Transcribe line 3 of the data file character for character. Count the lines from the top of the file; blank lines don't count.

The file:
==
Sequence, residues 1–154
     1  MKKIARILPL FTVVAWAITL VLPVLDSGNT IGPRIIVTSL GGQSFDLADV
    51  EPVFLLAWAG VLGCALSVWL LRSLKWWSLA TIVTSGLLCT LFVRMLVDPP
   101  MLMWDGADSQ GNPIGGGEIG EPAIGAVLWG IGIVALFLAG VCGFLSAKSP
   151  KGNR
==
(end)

    51  EPVFLLAWAG VLGCALSVWL LRSLKWWSLA TIVTSGLLCT LFVRMLVDPP